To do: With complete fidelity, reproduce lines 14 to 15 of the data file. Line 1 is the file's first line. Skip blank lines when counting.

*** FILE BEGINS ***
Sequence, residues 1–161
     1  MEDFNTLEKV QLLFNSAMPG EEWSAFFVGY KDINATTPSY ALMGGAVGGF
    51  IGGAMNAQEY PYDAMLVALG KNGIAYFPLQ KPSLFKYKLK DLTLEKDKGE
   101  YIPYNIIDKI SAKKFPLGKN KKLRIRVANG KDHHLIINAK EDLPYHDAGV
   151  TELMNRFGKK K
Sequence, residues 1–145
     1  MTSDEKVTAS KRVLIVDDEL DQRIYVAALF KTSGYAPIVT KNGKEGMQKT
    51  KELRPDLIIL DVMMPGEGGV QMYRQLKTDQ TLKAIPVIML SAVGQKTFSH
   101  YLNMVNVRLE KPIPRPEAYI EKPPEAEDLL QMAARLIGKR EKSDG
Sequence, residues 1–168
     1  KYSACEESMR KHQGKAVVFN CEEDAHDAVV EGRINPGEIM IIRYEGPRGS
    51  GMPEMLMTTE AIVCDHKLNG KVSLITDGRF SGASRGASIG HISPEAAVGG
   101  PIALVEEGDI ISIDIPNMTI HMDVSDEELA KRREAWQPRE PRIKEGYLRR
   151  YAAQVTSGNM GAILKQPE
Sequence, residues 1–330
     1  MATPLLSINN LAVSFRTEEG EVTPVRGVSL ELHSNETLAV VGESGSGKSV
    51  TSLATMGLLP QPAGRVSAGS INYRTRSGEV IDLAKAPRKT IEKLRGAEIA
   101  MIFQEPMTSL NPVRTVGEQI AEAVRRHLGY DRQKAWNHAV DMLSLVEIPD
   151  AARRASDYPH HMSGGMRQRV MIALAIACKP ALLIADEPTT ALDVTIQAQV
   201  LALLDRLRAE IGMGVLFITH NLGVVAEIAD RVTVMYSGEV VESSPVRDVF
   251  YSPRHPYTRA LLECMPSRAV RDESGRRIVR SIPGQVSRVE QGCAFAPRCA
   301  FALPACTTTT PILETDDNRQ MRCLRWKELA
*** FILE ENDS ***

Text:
   151  YAAQVTSGNM GAILKQPE
Sequence, residues 1–330